House and Senate negotiators Sept. 13 adopted a compromise agreement on the fiscal year (FY) 2019 Labor-HHS-Education and Defense spending bills (H.R. 6157) that next will go to each chamber for final approval before being sent to the president. The measure also includes a continuing resolution through Dec. 7 for any of the 12 annual spending bills that have not been finalized by the start of the new fiscal year Oct. 1.
The conference agreement, which spends $178 billion on the Labor-HHS-Education portion of the bill in Division B, adopts the Senate-passed $39.1 billion funding level for the National Institutes of Health (NIH) [see Washington Highlights, Aug. 24], representing a $2 billion (5.4%) increase including funding provided through the 21st Century Cures Act.
Within the NIH total, conferees provide $361.6 million for the Institutional Development Awards (IDeA), an $11.0 million (3.1%) increase over FY 2018, and $559.7 million for the Clinical and Translational Science Awards, a $17.0 million (3.1%) increase. The package also boosts funding for Alzheimer’s disease research, the Brain Research through Advancing Innovative Neurotechnologies Initiative, the Cancer Moonshot initiative, and research on a universal flu vaccine, among other items.
Like both the House committee and Senate bills, the conference agreement maintains the salary cap at Executive Level II of the federal pay scale and continues a prohibition on changes to NIH support for facilities and administrative expenses. The conferees did not adopt a provision in the House committee-passed bill [see Washington Highlights, July 13] that effectively would have prohibited fetal tissue research.
Negotiators also include in the package a provision from the Senate-passed bill transferring $5 million from the NIH Office of the Director (OD) to the Department of Health and Human Services Office of the Inspector General (OIG), “to examine NIH’s oversight of its grantees’ compliance with NIH policies, including NIH efforts to ensure the integrity of its grant application and selection processes.” The package’s joint explanatory statement directs OIG to “examine the effectiveness of NIH’s and grantee institutions’ efforts to protect intellectual property derived from NIH-supported research.”
Separately, the package also carries over language in the Senate spending bill allocating $50 million within the NIH OD for grants or contracts to public and nonprofit private entities for modernization and construction of biomedical and behavioral research facilities.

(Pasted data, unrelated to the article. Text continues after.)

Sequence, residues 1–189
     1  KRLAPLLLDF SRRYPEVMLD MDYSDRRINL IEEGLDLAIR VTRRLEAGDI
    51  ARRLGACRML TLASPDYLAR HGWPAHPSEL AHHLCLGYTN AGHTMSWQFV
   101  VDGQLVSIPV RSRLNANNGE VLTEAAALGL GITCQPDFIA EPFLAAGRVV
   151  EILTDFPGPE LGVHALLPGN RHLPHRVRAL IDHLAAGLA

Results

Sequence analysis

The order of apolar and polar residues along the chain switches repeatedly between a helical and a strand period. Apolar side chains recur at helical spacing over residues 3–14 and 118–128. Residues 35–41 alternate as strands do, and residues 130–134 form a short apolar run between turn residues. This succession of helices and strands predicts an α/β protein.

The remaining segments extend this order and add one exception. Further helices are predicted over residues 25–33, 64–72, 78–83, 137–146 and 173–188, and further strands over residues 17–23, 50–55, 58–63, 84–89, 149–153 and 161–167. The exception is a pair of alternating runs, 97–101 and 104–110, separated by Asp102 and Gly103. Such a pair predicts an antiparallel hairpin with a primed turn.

Among other highlights, the package provides $338 million for the Agency for Healthcare Research and Quality, $4 million (1.2%) more than FY 2018 and both the House committee- and Senate-passed FY 2019 bills.
The agreement includes $25 million for a new Health Resources and Services Administration primary care Graduate Medical Education (GME) program, originally proposed at $200 million by the House earlier this year [see Washington Highlights, June 29].
As proposed in both the House committee and Senate, the final package includes $325 million for Children’s Hospital GME, a $10 million (3%) increase over FY 2018; as well as $105 million for the National Health Service Corps, matching the FY 2018 omnibus and bringing total funding for the program to $415 million for FY 2019. The agreement also includes $10 million for the HRSA Rural Residency program established in the FY 2018 omnibus, a $5 million (33.3%) decrease below the original level.
Rejecting significant cuts proposed by the president and the House committee, the HRSA Title VII and Title VIII workforce development and diversity pipeline programs — including the Health Careers Opportunity Program — are flat-funded, with the exception of $39.3 million for Area Health Education Centers, a $1 million (0.3%) increase over FY 2018.
Conferees also establish a new $50 million “Infectious Diseases Rapid Response Reserve Fund” within the Centers for Disease Control and Prevention (CDC) to be available indefinitely for the CDC Director to use to prevent or respond to a major infectious disease emergency declared by the Health and Human Services Secretary.
The agreement excludes, reportedly at the request of House Republicans, a provision championed in the Senate spending bill by Senators Dick Durbin (D-Ill.) and Chuck Grassley (R-Iowa) that would provide up to $1 million within HHS to require direct-to-consumer drug advertisements to disclose pricing information.
The Senate is expected to vote on the package the week of Sept. 17, with a House vote the following week, before sending to the president. If it is enacted before Oct. 1, it will be the first time since 1996 that the Labor-HHS bill has been completed before the start of the new fiscal year.